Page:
Well, that was an unexpected occurrence.
After posting my article here yesterday about Donald Trump's doctor, Jacob Bornstein. I sent out a link to it on a Tweet and a Facebook posting. And as a result of that, I got a private message from a woman named Angie Coiro who wanted me to come on her radio show to talk about the piece.
I did a little bit of research, and it turns out that she's a longtime broadcaster based in San Franciso, including on the well-regarded KQED. She also did the Mother Jones Magazine interview show on Air America Radio, and currently hosts an interview/conversation program on politics and culture, In Deep with Angie Coiro. It's heard on a handful of radio stations across the country, including on the Netroots Radio network (which also airs The Young Turks), as well as also on a number of online formats -- and with all the podcasts of her show on her website.
And yes, I have no idea why she wanted to talk to me about this. In fact, I told her just that, and said it seemed far better to talk to an actual doctor who'd be able to address Dr. Bornstein's ethics or lack thereof. It turns out that she took the suggestion and did just that. But when I also mentioned another problem with me going on the air was that I was just two days into recouping from my trip to Germany, and offhandedly noted the reaction of people there to my Clinton-Kaine button, it turned out that she wanted to talk about that, as well. So, I said, fine, and we did the interview yesterday. In fact, almost all we ended up talking about was the Button Story.
It was reasonably painless, and I quite enjoyed talking with her. I later tracked down some podcasts of previous shows on her website, and found them terrific. Very bright and thoughtful. As it turns out, the first link to the show I was on has already been posted online, and I've embedded it below for those who are interested. I haven't listened to the show yet (I have my standards...though I'm sure the rest of the hour is great), so I have no idea where it comes in the broadcast. That's why God created fast-forwarding. Or patience and listening.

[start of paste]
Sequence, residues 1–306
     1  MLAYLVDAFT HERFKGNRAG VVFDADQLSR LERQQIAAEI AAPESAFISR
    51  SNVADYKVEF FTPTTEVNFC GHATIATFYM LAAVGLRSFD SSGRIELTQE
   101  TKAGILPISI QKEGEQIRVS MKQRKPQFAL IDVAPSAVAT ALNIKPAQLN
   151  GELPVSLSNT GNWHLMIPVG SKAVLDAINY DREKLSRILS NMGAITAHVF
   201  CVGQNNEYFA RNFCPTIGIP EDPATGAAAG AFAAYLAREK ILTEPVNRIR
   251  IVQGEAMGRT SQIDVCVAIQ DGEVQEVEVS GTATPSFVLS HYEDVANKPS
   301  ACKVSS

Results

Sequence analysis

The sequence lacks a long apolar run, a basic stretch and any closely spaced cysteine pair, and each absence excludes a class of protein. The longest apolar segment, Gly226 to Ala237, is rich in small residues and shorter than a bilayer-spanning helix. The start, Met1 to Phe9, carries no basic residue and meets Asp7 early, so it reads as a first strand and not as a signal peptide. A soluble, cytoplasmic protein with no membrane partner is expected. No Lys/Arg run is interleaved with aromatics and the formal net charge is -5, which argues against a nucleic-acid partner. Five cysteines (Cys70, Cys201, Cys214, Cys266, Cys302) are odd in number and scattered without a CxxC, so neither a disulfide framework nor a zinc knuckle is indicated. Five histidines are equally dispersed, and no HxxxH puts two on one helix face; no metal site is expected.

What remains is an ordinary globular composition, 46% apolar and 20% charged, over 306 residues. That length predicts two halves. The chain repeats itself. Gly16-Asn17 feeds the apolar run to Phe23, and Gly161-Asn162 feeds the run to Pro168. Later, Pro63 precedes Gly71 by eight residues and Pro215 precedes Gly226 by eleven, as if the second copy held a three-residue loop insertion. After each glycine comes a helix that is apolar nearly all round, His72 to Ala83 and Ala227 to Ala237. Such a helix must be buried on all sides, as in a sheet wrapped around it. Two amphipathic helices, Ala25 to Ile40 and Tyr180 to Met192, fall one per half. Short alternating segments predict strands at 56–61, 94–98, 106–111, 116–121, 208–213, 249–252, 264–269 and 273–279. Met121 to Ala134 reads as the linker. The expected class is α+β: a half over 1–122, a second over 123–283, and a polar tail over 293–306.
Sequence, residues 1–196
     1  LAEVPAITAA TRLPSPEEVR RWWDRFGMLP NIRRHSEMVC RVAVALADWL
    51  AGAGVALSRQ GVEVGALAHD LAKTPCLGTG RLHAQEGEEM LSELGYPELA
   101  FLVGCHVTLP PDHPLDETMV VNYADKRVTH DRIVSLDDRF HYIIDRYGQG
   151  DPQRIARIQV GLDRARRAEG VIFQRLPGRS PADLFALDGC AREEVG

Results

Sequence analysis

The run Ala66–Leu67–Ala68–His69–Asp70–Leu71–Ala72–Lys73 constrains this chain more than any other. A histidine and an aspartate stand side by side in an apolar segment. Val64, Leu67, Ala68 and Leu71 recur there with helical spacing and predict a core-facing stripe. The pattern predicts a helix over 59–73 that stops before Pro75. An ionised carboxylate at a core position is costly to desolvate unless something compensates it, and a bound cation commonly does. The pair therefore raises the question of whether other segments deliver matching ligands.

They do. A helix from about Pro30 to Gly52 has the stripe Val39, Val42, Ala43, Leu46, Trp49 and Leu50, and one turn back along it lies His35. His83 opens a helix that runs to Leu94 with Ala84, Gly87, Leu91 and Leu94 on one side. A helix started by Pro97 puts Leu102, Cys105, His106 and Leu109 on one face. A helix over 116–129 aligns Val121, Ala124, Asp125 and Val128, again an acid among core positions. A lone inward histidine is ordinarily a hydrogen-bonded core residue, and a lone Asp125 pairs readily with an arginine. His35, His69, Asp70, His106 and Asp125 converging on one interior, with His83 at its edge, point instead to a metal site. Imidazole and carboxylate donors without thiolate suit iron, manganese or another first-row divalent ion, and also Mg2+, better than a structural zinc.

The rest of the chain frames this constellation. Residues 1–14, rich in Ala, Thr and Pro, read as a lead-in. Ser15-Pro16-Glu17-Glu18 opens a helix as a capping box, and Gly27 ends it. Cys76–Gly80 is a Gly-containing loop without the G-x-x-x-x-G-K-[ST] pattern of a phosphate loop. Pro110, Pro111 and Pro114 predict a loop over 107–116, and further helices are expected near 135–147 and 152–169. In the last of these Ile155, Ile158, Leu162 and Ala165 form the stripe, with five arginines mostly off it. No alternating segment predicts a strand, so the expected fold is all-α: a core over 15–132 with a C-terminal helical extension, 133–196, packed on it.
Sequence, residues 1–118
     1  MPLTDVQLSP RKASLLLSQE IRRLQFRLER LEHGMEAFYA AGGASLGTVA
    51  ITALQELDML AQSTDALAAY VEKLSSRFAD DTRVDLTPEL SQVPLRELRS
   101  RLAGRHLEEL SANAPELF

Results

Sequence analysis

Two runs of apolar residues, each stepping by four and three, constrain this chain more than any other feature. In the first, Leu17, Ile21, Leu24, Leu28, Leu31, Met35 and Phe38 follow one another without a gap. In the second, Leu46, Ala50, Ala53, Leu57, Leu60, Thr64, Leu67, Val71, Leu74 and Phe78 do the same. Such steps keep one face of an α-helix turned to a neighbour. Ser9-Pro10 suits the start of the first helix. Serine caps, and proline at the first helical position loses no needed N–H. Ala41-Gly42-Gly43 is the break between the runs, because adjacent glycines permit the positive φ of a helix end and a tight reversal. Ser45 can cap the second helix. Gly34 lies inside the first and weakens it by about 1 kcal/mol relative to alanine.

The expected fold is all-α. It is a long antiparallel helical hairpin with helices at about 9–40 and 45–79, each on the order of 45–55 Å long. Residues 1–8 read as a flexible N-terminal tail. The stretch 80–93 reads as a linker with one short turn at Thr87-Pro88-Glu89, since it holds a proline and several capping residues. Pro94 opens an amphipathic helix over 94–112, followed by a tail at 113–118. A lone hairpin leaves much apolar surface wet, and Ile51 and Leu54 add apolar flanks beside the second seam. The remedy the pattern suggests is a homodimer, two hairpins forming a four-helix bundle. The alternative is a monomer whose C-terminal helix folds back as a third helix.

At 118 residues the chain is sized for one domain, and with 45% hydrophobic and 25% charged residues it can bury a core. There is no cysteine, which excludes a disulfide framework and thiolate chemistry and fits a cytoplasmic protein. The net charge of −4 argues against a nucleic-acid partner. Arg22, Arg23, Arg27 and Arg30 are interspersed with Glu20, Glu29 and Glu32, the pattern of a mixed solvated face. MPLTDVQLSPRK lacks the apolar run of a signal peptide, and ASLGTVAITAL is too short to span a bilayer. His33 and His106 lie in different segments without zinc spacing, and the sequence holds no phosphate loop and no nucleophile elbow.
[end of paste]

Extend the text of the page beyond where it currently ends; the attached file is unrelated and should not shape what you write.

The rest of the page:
By the way, for those who do decide to listen to the entire show -- and though I haven't heard it yet, I still suggest it's probably a good idea based on other of the In Deep broadcasts I've checked out -- here's the full line-up of all that's on. (It looks as if my main segment comes wisely at the end. I suspect that the first reference is more a discussion of the article which was posted here.)
UPDATE: I've finally gotten around to listening to at least part of it -- I find it difficult listening to oneself -- and the interview kicks in around the 37:30 mark.
On today's BradCast, guest hosted by Angie Coiro of In Deep Radio, a surprising crush of news headlines post-holiday weekend.
Among them: Bulldozers tore up North Dakota sacred lands of the Standing Rock Sioux tribe amidst protests against the construction of the Dakota Access Pipeline, even as all parties await a court judgment to block construction. Bill Cosby's lawyers claim that attorney Gloria Allred just wants the spotlight and is making racist attacks. And a CNN presidential election poll appears to have completely excluded millennials!
Meanwhile, one of my guests, Robert J. Elisberg of Huffington Post, wants to know if Trump's letter-writing doctor violated HIPAA by discussing his "knowledge" of Hillary Clinton's alleged health problems. So Flash Gordon, MD joins us to clarify.
Jessica Luther looks at the Brock Turner case in California, the Lizzy Seeberg suicide in a Notre Dame sexual assault case, and her new book Unsportsmanlike Conduct: College Football and the Politics of Rape.
Then it's back to Elisberg, this time for a tale of Berlin, L.A., and a handful of "Hillary Clinton for President" buttons. Finally, a review of a few important medical stories, including a ban on "antibacterial" soaps.
You can find more about the In Deep with Angie Courio show here and listen to podcasts of her earlier shows, including a fascinating one that I checked out yesterday with linguist Geoff Numberg on the language of the 2016 presidential campaign. (See, I really do have my standards.)